This shrubby perennial (ht 75cm) from South America, Heliotropium arborescens, is colloquially known as heliotrope or cherry pie. The tiny clustered flowers have a delicious vanilla fragrance. There are various forms with different flower colours, most commonly purple, but lilac and white cultivars can be found. The cultivar 'Lord Roberts' (pictured above) has very rich purple flowers.
One cultivar, 'Aurea' (pictured left), is grown for its golden leaves, which will appear lime-coloured in part-shaded sites and has scented mauve flowers, but the primary attraction is the broad, soft foliage. Like most gold or lime leaves, it is a brilliant partner to blue or purple flowers (such as Salvia, Ajuga or Aquilegia, or can be used to echo nearby yellow blooms.
Heliotrope likes sufficient water and well-drained soil, but it is quite a tough plant and seems to survive our summer heatwaves fairly well. It will flower best in a sunny spot. It benefits from regular deadheading of spent blooms and a harder prune around September. I have seen heliotrope trained as a standard plant. In suburbs with severe frosts, heliotrope may be burnt in winter. Like many shrubby perennials, the plant will eventually become tired and woody: then it is best to replace it with a new specimen. It can be a bit tricky to propagate from cuttings, in my experience!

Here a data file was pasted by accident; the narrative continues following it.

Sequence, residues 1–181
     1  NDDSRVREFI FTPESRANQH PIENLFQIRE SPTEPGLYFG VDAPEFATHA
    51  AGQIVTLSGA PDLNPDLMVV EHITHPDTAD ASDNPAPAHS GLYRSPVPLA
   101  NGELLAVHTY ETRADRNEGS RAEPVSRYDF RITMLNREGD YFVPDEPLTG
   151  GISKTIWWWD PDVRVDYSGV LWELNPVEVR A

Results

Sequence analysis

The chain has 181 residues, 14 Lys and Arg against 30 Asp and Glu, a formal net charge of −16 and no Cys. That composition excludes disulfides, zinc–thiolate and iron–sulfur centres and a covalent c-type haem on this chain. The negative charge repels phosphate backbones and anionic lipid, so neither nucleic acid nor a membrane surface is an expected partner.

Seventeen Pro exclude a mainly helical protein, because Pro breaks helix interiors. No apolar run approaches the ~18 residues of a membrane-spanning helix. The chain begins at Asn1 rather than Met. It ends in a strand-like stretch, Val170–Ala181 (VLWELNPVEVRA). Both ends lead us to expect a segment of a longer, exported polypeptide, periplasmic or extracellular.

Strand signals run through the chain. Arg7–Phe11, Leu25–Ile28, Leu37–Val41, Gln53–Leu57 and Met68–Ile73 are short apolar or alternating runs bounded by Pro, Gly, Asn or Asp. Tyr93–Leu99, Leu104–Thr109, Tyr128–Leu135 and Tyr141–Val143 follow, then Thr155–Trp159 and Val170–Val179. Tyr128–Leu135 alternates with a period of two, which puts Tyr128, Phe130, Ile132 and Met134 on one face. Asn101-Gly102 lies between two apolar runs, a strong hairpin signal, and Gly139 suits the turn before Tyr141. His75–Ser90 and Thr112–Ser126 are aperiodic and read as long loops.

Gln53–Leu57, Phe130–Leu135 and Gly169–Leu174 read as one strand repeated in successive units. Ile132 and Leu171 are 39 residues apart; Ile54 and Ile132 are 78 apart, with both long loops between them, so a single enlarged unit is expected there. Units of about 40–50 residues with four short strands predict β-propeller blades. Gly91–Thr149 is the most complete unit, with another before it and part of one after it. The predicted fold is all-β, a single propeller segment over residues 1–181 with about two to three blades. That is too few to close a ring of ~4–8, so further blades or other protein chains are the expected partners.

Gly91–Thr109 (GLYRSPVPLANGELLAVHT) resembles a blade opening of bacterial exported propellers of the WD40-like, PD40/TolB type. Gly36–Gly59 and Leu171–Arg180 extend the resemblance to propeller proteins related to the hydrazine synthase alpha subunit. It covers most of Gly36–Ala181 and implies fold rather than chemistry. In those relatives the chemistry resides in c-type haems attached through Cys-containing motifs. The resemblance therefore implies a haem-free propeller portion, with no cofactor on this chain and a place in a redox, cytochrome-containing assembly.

Note that another species, Heliotropium amplexicaule, commonly known as blue heliotrope, is a serious invasive weed in rural areas, and should not be cultivated as a garden plant.
Heliotropium belongs to the family Boraginaceae.